Department of the Army for the casual support of bands and tribes of
Indians whose appropriations are exhausted. The War Department should
not be left, by reason of inadequate provision for the Indian Bureau,
to contribute for the maintenance of Indians.

The report of the Chief of Engineers furnishes a detailed account of the
operations for the improvement of rivers and harbors.

I commend to your attention the suggestions contained in this report in
regard to the condition of our fortifications, especially our coast
defenses, and recommend an increase of the strength of the Engineer
Battalion, by which the efficiency of our torpedo system would be
improved.

I also call your attention to the remarks upon the improvement of the
South Pass of the Mississippi River, the proposed free bridge over the
Potomac River at Georgetown, the importance of completing at an early
day the north wing of the War Department building, and other
recommendations of the Secretary of War which appear in his report.

The actual expenditures of that Department for the fiscal year ending
June 30, 1881, were $42,122,201.39. The appropriations for the year 1882
were $44,889,725.42. The estimates for 1883 are $44,541,276.91.

The report of the Secretary of the Navy exhibits the condition of
that branch of the service and presents valuable suggestions for its
improvement. I call your especial attention also to the appended report
of the Advisory Board which he convened to devise suitable measures for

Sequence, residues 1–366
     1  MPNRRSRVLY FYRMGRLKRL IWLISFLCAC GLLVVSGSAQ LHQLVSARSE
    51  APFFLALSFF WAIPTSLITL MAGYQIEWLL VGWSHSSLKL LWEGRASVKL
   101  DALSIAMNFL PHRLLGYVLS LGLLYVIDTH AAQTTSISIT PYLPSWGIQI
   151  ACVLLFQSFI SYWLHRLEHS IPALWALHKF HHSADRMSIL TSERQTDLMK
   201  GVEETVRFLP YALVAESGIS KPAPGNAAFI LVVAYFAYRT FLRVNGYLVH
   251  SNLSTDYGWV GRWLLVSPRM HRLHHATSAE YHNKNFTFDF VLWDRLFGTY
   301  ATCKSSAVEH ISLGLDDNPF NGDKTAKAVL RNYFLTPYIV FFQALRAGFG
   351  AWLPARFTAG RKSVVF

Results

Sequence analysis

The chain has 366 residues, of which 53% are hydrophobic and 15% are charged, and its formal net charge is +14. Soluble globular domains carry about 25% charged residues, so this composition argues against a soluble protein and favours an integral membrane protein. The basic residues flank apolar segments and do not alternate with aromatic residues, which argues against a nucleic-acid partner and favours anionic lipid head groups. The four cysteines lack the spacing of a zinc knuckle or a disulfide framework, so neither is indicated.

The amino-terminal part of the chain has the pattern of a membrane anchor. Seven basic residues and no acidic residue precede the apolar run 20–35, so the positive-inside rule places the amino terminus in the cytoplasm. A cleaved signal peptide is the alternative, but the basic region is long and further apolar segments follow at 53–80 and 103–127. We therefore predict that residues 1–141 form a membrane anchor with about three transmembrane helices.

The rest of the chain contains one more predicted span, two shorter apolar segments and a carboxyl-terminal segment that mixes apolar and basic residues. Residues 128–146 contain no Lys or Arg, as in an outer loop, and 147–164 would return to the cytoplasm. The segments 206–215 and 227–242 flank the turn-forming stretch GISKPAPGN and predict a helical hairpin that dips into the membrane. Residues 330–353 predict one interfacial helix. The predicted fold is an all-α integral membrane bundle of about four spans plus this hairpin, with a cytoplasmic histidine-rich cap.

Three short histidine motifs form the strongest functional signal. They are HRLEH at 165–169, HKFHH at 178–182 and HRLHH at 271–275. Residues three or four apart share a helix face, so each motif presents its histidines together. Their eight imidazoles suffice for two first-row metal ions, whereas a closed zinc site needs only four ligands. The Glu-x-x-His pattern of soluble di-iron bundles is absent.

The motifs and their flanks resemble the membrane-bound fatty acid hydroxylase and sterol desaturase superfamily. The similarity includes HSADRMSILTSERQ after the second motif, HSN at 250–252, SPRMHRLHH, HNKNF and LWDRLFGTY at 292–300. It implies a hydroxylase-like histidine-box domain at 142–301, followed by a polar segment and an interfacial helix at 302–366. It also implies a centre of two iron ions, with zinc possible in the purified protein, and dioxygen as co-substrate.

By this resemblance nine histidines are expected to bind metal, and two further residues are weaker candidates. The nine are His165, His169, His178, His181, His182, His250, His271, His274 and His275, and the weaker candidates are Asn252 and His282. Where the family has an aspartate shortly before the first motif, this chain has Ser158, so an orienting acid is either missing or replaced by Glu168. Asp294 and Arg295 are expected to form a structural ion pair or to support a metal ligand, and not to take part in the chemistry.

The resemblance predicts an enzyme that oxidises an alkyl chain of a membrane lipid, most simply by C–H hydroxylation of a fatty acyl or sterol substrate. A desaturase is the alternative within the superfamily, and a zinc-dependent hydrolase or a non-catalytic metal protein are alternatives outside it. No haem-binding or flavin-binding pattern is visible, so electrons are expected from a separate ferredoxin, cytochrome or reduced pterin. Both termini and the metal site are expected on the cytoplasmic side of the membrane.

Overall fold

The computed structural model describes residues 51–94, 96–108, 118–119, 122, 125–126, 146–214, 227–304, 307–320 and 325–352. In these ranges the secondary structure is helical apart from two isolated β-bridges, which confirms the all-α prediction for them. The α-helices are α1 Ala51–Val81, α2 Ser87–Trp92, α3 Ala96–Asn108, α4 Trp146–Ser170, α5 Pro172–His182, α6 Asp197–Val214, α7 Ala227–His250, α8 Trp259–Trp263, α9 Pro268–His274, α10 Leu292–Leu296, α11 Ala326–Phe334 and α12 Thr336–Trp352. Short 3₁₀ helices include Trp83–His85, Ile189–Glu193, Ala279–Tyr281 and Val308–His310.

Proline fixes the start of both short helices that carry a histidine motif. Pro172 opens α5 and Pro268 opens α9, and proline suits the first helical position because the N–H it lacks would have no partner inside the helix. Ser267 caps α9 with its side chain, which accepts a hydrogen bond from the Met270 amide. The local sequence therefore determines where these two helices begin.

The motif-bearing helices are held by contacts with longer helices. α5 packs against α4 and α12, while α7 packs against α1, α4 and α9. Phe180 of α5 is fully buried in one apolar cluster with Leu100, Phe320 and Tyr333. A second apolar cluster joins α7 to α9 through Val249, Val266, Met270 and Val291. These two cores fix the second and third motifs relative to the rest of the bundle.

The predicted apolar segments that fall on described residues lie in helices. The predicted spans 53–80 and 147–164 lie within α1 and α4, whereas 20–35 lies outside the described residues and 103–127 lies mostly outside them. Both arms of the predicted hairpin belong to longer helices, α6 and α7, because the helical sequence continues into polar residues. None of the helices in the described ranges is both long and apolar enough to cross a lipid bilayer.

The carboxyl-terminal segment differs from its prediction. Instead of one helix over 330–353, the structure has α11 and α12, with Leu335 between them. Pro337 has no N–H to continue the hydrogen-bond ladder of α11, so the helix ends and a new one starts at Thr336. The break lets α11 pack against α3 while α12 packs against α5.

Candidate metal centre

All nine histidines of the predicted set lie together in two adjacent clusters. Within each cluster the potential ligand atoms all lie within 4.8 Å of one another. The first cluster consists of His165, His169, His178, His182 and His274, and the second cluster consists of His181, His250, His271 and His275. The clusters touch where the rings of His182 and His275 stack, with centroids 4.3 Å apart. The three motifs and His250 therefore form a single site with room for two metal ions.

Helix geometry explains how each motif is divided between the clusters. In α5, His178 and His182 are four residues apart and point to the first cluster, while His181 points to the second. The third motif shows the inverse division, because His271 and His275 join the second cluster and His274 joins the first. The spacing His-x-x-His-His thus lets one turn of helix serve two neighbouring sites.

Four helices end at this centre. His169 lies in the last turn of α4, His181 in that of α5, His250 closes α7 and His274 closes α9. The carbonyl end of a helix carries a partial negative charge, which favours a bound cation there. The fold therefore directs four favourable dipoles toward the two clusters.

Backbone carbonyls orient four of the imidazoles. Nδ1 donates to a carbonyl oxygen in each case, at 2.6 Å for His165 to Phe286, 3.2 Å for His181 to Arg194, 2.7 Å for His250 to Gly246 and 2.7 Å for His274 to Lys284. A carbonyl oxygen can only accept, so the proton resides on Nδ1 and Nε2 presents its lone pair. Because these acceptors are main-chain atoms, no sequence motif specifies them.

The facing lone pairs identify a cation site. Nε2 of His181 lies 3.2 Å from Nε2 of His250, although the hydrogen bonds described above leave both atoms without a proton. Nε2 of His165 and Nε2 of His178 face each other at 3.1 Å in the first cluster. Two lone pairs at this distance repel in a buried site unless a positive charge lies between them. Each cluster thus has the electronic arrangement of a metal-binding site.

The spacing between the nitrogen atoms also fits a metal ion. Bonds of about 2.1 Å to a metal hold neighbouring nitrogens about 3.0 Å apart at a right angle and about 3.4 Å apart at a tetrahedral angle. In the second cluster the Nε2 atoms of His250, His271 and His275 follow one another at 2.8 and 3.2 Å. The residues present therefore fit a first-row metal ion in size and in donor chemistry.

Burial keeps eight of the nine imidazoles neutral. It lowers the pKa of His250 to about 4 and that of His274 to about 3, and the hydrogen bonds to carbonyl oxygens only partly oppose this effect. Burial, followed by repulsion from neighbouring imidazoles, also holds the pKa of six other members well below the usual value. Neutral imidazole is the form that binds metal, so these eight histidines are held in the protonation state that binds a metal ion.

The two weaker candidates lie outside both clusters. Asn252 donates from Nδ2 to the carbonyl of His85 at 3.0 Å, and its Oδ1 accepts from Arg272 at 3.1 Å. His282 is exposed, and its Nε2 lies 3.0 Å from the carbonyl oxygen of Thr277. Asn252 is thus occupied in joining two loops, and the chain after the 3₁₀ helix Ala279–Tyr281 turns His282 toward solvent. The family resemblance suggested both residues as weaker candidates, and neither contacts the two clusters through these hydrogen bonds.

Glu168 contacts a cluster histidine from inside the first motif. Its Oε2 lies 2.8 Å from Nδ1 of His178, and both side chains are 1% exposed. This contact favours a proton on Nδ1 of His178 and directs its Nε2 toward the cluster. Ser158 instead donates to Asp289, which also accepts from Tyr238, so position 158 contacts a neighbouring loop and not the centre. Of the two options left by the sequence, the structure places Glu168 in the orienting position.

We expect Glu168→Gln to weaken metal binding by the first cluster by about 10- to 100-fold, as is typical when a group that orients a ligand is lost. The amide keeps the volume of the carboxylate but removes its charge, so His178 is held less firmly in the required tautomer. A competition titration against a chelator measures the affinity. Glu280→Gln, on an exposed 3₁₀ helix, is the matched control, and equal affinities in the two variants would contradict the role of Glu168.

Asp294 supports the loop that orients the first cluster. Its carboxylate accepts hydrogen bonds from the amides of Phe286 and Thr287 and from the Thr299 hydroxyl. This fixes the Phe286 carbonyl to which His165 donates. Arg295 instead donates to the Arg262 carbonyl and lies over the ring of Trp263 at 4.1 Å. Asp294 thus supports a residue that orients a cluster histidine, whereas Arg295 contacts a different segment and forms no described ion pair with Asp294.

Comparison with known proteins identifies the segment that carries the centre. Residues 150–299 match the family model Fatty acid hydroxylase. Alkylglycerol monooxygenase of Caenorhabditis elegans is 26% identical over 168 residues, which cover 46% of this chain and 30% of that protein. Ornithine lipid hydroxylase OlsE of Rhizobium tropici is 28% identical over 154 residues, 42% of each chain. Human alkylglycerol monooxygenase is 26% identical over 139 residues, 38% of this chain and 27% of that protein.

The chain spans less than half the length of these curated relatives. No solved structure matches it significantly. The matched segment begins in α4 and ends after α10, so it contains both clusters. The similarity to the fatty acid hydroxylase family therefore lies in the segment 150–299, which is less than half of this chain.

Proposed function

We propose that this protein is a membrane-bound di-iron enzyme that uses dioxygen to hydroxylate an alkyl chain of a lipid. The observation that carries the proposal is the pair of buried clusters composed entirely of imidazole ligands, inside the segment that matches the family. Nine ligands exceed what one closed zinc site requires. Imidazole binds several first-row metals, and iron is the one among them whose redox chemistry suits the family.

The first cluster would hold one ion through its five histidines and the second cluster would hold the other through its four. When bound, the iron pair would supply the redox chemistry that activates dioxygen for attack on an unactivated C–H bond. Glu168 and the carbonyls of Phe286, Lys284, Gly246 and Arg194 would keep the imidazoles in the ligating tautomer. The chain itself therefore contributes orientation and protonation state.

increasing the efficiency of the Navy, and particularly to report as to
the character and number of vessels necessary to place it upon a footing
commensurate with the necessities of the Government.

I can not too strongly urge upon you my conviction that every
consideration of national safety, economy, and honor imperatively
demands a thorough rehabilitation of our Navy.

With a full appreciation of the fact that compliance with the
suggestions of the head of that Department and of the Advisory Board
must involve a large expenditure of the public moneys, I earnestly
recommend such appropriations as will accomplish an end which seems to
me so desirable.

Nothing can be more inconsistent with true public economy than
withholding the means necessary to accomplish the objects intrusted by
the Constitution to the National Legislature. One of those objects, and
one which is of paramount importance, is declared by our fundamental law
to be the provision for the "common defense." Surely nothing is more
essential to the defense of the United States and of all our people
than the efficiency of our Navy.

We have for many years maintained with foreign governments the relations
of honorable peace, and that such relations may be permanent is desired
by every patriotic citizen of the Republic. But if we heed the teachings
of history we shall not forget that in the life of every nation
emergencies may arise when a resort to arms can alone save it from
dishonor.

No danger from abroad now threatens this people, nor have we any cause
to distrust the friendly professions of other governments. But for
avoiding as well as for repelling dangers that may threaten us in the